Bale Mountains National Park, Ethiopia
Founded in 1970, this Ethiopian national park has one of the highest incidences of animal endemicity of any terrestrial habitat in the world. The park is divided into five distinct and unique habitats: Northern Grasslands, Northern Woodlands, Afro-alpine Meadows, Erica Moorlands, and Harenna Forest. It is notable for being home to the largest populations of both endemic and endangered Ethiopian wolf and Mountain Nyala.
Kakum National Park, Ghana
Located in the coastal environs of the Central Region of Ghana, this park is almost entirely made up of tropical forests. The most notable endangered species in the park are Diana monkeys, giant bongo antelopes, yellow-backed duikers and African elephants. Kakum is also famous for its 1,150 feet long canopy walkway, which connects seven tree tops.
Etosha National Park, Namibia
Spreading over an area of 8,600 square miles, Etosha is one of the most famous and important national park in Africa. A quarter of its area is covered by a huge salt pan (which is from where the park gets its name). Etosha is home to hundreds of species of mammals, birds and reptiles, including several threatened and endangered species such as the black rhinoceros.
Bwindi Impenetrable National Park, Uganda
Situated along the Democratic Republic of Congo border, this prime Uganda´s national park comprises 128 square miles of jungle forests that make up one of the richest ecosystems in Africa. Apart from many mammal, bird or reptile species, the park is notable for its 340 Bwindi gorillas, half the world’s population of the critically endangered mountain gorillas.
Chobe National Park, Botswana
Established in 1967 as Botswana´s first national park, Chobe is known for one of the largest game concentration in Africa. It is especially renowned for its spectacular elephant population counting about 50,000 specimen. Elephants living here are Kalahari elephants, the largest in size of all known elephant populations.
Kilimanjaro National Park, Tanzania
Lying 190 miles south of the equator, the park features Mount Kilimajaro – the highest mountain in Africa and the highest free-standing mountain in the world at 19,341 feet above sea level. The park was declared a World Heritage Site by the United Nations Educational, Scientific and Cultural Organization in 1987.
Tsingy de Bemaraha National Park, Madagascar
Located in the Melaky Region, this national park is a UNESCO World Heritage Site. “Tsingys” are karstic plateaus which are very typical of this region. The superposition of vertical and horizontal erosion patterns has created dramatic “forests” of limestone needles in the park.
Yankari National Park, Nigeria
Situated in northeastern Nigeria, Yankari National Park is the most popular tourist spot in the country. The park has rich wildlife resources hosting over 50 mammal and 350 bird species. Due to underground geothermal activity, Yankari National Park also features four warm water springs developed for recreation.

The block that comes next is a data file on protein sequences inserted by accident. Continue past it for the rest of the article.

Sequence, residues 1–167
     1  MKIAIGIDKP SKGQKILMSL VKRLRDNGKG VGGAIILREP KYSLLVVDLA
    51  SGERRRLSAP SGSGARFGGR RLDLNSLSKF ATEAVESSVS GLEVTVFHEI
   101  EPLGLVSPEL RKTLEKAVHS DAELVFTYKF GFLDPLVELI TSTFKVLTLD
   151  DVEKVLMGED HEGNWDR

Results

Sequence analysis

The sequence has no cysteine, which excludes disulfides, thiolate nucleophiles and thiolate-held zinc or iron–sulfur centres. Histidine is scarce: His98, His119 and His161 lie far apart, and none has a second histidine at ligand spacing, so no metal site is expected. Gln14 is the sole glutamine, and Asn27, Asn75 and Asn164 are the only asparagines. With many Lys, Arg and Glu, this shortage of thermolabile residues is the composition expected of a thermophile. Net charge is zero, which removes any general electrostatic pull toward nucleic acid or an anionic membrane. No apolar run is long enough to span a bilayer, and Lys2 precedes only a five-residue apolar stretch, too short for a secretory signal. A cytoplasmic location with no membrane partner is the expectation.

Lag Badana National Park, Somalia
Located on the far southern coast of Somalia, it is the oldest national park of this country. Apart from its various wildlife, the park is home to over 200 vascular plant species, of which some 20 are endemic. Nearby coral reefs are also popular tourist sites.
Hwange National Park, Zimbabwe
Founded in 1928, Hwange is the largest and most famous national park in Zimbabwe. The park hosts over 100 mammals including 19 large herbivores and 8 large carnivores and about 400 bird species. It is the only protected area where gemsbok and brown hyena occur in reasonable numbers.
Tsavo East National Park, Keyna
Occupying an area of over 5,300 square miles, is one of the oldest and largest parks in Kenya. Tsavo East National Park provides undeveloped wilderness homes to vast numbers of animals and over 500 bird species. Local Tsavo lions are famous for their maneless adult males.
Zakouma National Park, Chad
Established in 1963, Zakouma was Chad’s first national park. The fauna of the Park includes 44 species of large mammals, and many species of birds. In 1970, there were about 300,000 elephants in the park; however, by 2007 the number had dwindled to just 10,000 due to poachers. Zakouma still struggles with poaching but its animal populations seem to be slowly increasing.
Loango National Park, Gabon
Situated between the Nkomi and Ndogo Lagoons, Loango National Park is the true jewel of Africa’s western coast. The park’s 600 square miles comprises of savannas, pristine beaches, forests and mangroves. Loango offers breathtaking panoramas and unique opportunity to observe elephants, buffalos, hippos, gorillas and leopards.
Aren’t these African National Parks spectacular?! If you liked these parks, you may also enjoy these 25 Unbelievable Photographs Of National Parks From Around The World.